From the desk of our Executive Director, Eve Samples, your Voice of the Everglades update:

The movement you empower at Friends of the Everglades hinges on a vision for the future of Florida:

It’s about clean water, protected wetlands, thriving native species, and plenty of protected green spaces for us all to enjoy. In essence, it’s about a truly restored River of Grass that works with nature instead of against it.

That vision is still achievable — but the window is narrowing. And Tallahassee lawmakers are making our work harder.

There’s a disconnect between the decisions we’re seeing from the Florida Legislature and the environmental challenges facing Florida, as Executive Director Eve Samples told the Miami Herald last week.

Even as a massive fertilizer-fueled algae bloom blankets Lake Okeechobee, state lawmakers just passed a law that, for the next year, prohibits local governments from enacting strict new fertilizer ordinances. Gov. Ron DeSantis signed the fertilizer industry-backed preemption bill on Thursday — the same day he signed the state’s budget at an event in Fort Piece.

As you might expect of a budget-signing ceremony, there was a lot of hoopla — especially surrounding the $694 million for Everglades projects. It’s tempting to cheer on this spending like we might cheer on a stock-market rally — but the numbers don’t tell the full story. And they raise a whole bunch of questions:

Will these projects hold polluters accountable? Will they protect us from toxic algae? Will they stop Lake Okeechobee discharges?

There are no guarantees they will. Here’s a glimpse at some of what some of that money will pay for:

$356.5 million for the Comprehensive Everglades Restoration Plan: This includes the shrunken-down Everglades Agricultural Area Reservoir (which the National Academy of Sciences has raised questions about), the Lake Okeechobee Watershed Restoration Project (which consists of “Aquifer Storage and Recovery” wells that will primarily benefit agriculture, not the environment), and the C-43 Reservoir (a deep reservoir designed to capture farm runoff before it reaches the Caloosahatchee River). There’s also money for Biscayne Bay, where plans are being formulated to restore over-drained wetlands.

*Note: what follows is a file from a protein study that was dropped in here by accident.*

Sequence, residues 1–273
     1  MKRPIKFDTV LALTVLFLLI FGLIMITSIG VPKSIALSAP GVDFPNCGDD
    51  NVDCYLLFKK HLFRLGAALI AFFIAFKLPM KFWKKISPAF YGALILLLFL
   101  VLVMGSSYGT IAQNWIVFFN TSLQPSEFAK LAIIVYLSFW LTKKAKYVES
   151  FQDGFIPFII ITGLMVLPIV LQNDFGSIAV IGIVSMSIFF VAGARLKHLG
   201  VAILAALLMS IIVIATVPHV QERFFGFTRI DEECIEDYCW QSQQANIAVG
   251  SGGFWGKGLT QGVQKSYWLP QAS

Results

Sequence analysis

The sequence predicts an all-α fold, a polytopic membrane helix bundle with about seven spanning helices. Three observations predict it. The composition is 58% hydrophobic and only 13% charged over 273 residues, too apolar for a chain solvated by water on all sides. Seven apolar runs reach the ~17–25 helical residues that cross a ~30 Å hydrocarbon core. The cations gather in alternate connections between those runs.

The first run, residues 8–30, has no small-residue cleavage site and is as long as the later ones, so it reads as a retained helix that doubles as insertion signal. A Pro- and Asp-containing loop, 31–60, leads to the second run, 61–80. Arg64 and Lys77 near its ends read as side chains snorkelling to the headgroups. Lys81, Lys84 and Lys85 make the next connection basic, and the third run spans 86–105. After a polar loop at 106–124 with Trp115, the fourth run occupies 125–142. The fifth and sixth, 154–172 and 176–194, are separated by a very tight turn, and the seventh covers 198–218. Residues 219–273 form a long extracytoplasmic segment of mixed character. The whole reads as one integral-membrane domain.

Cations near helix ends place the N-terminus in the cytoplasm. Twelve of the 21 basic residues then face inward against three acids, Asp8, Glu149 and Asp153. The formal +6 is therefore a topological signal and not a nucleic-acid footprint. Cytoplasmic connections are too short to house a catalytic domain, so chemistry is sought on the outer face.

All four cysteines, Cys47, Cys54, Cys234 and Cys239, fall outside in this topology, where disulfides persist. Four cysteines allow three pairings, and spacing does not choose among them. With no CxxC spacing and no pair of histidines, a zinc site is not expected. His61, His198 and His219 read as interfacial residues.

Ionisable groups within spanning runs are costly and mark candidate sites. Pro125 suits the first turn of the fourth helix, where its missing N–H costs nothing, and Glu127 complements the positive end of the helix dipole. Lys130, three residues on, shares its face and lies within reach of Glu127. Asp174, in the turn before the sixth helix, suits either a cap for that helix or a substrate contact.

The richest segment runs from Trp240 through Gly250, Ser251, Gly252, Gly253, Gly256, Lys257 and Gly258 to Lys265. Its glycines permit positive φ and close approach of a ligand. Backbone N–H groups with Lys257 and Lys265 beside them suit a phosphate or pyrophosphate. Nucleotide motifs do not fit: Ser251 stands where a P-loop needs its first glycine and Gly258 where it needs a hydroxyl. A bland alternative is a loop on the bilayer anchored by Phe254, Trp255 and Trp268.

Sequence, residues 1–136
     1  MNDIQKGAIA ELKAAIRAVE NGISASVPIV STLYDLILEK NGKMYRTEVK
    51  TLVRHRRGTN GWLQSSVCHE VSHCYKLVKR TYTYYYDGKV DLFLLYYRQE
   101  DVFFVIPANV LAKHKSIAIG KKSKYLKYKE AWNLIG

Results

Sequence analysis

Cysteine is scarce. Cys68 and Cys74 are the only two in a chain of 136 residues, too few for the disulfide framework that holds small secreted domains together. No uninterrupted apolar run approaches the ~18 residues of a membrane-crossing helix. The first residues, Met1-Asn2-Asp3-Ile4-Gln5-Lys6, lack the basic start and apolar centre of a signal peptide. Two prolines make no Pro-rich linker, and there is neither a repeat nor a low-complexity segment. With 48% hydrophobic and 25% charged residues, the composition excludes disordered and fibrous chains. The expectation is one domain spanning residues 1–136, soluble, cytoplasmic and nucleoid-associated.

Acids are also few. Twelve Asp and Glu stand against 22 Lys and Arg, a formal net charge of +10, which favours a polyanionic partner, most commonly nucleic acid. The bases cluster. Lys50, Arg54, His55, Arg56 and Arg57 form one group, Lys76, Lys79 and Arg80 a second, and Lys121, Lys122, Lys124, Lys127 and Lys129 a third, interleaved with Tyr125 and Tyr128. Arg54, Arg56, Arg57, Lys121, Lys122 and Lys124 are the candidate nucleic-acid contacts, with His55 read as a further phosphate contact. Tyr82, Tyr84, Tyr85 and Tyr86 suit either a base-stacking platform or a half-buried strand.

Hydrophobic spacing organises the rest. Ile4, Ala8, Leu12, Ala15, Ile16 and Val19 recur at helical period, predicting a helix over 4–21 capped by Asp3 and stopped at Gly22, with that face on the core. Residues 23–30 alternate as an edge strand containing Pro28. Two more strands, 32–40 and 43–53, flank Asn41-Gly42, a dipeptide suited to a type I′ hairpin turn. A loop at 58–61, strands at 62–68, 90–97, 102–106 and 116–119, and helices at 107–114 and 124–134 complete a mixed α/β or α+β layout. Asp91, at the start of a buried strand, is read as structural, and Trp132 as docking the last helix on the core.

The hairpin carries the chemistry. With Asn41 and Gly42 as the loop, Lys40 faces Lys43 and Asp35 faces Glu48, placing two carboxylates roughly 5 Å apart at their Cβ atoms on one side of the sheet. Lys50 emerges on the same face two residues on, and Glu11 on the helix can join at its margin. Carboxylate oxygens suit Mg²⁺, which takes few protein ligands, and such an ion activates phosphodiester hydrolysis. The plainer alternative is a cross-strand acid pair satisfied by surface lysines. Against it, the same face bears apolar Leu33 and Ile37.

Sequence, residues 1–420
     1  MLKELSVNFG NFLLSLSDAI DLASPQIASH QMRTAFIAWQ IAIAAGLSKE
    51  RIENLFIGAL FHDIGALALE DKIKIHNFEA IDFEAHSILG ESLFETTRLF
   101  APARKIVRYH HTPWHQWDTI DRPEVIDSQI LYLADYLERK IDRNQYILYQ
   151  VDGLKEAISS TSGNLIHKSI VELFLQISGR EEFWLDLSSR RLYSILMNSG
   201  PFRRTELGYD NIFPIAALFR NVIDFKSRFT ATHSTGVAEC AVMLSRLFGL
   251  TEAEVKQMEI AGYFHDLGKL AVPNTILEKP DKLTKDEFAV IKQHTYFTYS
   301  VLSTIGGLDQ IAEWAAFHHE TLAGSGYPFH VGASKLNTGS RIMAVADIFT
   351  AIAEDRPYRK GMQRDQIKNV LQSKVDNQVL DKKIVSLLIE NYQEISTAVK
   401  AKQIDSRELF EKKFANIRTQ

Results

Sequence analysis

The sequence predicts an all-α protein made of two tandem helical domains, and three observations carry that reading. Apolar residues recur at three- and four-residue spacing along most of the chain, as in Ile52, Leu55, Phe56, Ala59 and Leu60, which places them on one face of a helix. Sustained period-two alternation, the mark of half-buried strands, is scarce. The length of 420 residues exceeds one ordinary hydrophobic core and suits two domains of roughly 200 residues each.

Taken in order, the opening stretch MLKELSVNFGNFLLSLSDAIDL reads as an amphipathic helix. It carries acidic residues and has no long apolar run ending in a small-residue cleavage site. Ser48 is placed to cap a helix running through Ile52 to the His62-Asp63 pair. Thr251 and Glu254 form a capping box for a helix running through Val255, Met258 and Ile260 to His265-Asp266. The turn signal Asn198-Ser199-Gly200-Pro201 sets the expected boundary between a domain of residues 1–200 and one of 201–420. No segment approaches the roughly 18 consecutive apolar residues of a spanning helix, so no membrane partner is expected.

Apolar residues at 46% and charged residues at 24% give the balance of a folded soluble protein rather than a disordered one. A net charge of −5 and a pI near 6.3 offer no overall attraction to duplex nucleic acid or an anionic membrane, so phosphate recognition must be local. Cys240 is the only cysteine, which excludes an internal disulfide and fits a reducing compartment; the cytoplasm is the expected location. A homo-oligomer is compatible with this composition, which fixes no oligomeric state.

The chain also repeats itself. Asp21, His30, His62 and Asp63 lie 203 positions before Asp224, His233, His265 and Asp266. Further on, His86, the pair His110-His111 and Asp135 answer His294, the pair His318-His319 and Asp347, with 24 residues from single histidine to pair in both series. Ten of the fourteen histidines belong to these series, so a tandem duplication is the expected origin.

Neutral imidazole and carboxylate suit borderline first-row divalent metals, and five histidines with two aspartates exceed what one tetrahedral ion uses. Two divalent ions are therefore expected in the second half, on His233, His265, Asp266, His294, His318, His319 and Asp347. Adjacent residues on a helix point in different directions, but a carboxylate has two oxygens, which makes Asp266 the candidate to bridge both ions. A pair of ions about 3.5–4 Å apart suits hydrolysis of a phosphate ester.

$96.1 million for the Northern Everglades and Estuaries Protection Program: A signature element of this program gives taxpayer money to farmers to hold excess water on their land.

$58 million for Restoration Strategies: Launched during Rick Scott’s tenure as governor, this is the state’s response to court-ordered phosphorus pollution limits for the Everglades. Those limits resulted from Clean Water Act litigation brought by Friends of the Everglades and the Miccosukee Tribe decades ago. The resulting manmade marshes, known as Stormwater Treatment Areas, are some of the best projects ever built for the Everglades — and we need more of them.

The Indian River Lagoon got another $100 million in the state budget. The 156-mile estuary that lost about 90% of its seagrass in recent years, prompting a massive manatee die-off and a state program to feed romaine lettuce to manatees. Full restoration of the lagoon is estimated at more than $5 billion, and this money is an incremental step.

The bottom line: Big budget allocations won’t secure our vision for a restored River of Grass unless they’re coupled with robust pollution regulations, sound growth-management laws, and adequate public lands for cleaning farm runoff. As a Friend of the Everglades, that’s the future you’re helping us push for. If you’ve contributed to our efforts lately, thank you. If it’s been a while, we invite you to donate today.